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Item#: N82E16833162086

BUFFALO WHR-300HP2D AirStation N300 Open Source DD-WRT Wireless Router IEEE 802.11b/g/n

  • DD-WRT Pre-Installed
  • Wireless speeds up to 300 Mbps
  • Onboard power amplifiers for increased range and coverage
  • Configure as an Access Point or Wireless Bridge
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Learn more about the Buffalo Technology WHR-300HP2D

Quick Info

Warranty

  • Limited Warranty period (parts): 1 year
  • Limited Warranty period (labor): 1 year


Customer Reviews of the Buffalo Technology WHR-300HP2D

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  • Paul R.
  • 7/19/2014 8:49:15 AM
  • Tech Level: High
  • Ownership: 1 day to 1 week
  • Verified Owner

3 out of 5 eggsNot a wall mount

This review is from: BUFFALO WHR-300HP2D AirStation N300 Open Source DD-WRT Wireless Router IEEE 802.11b/g/n

Pros: Haven't used it, can't say. My previous Buffalo router was great.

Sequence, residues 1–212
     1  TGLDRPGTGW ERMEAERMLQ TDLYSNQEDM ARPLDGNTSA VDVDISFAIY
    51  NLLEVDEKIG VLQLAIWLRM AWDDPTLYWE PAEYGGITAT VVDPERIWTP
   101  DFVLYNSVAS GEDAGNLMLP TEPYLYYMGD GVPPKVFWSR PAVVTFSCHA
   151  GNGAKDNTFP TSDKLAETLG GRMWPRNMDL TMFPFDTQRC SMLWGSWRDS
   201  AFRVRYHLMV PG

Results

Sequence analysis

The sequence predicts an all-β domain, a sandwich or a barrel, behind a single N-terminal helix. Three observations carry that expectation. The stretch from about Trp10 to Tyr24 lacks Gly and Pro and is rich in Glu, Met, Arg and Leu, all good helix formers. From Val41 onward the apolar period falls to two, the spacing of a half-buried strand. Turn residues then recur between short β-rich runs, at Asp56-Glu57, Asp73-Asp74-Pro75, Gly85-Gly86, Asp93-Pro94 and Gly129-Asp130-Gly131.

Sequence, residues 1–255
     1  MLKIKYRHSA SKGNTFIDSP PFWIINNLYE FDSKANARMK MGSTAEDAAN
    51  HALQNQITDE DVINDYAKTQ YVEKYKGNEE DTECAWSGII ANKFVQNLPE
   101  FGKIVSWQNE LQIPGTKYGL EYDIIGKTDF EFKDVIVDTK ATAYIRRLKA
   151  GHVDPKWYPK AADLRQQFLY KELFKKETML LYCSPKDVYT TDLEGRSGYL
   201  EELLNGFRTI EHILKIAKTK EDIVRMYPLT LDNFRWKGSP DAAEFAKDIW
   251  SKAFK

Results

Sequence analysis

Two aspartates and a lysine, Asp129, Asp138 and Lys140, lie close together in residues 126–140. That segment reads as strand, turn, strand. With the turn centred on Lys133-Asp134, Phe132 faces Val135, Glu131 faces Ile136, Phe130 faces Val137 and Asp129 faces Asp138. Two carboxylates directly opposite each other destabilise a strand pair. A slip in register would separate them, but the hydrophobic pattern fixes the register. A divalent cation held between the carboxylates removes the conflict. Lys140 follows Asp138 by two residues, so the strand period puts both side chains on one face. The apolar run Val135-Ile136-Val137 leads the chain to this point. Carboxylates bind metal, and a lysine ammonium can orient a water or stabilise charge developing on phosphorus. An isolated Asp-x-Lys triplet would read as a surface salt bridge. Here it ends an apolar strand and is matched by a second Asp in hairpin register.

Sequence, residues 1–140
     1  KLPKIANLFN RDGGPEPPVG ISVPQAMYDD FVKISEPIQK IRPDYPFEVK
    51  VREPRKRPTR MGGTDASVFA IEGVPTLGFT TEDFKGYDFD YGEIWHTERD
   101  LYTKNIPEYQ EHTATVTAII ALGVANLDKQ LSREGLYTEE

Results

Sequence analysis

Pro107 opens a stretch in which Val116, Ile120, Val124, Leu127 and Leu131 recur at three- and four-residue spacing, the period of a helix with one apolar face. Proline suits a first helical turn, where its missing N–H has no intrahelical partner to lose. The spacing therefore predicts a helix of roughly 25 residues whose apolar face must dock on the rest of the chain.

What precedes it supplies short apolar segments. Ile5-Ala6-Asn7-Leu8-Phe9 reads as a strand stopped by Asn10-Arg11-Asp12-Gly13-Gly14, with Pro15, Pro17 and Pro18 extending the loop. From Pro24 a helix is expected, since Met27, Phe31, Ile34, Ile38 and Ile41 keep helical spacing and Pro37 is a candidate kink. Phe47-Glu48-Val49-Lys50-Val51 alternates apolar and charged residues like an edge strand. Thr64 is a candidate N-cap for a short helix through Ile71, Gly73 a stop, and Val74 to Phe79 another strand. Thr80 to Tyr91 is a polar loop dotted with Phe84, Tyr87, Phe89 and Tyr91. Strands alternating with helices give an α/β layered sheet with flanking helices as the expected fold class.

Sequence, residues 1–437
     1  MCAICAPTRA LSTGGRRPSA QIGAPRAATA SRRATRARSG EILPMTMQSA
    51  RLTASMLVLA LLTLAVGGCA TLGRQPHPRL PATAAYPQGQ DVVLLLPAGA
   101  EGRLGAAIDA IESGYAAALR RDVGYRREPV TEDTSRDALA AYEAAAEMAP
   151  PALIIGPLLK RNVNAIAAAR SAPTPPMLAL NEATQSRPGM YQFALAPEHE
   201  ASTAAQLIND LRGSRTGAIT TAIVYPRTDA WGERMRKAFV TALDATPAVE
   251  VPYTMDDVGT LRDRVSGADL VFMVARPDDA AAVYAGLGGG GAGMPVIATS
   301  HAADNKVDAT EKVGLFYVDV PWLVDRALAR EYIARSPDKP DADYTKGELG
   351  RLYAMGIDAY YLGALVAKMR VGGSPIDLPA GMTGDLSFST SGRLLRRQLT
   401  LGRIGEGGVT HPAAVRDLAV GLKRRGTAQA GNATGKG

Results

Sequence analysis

Cons: Despite it not looking like it can be wall mounted in the photos, the description of this product clearly lists "Wall Screws" in the box contents.

There are NO wall screws and this product is DEFINITELY NOT wall mountable.

Other Thoughts: Little disappointed that I have to pay to return this product because it didn't match it's description but I knew I was gambling when I ordered it. At least NewEgg's return process was easy and I'm not stuck with a router that won't work in my intended application.

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5 out of 5 eggsCustom Firmware and Solid Performance

This review is from: BUFFALO WHR-300HP2D AirStation N300 Open Source DD-WRT Wireless Router IEEE 802.11b/g/n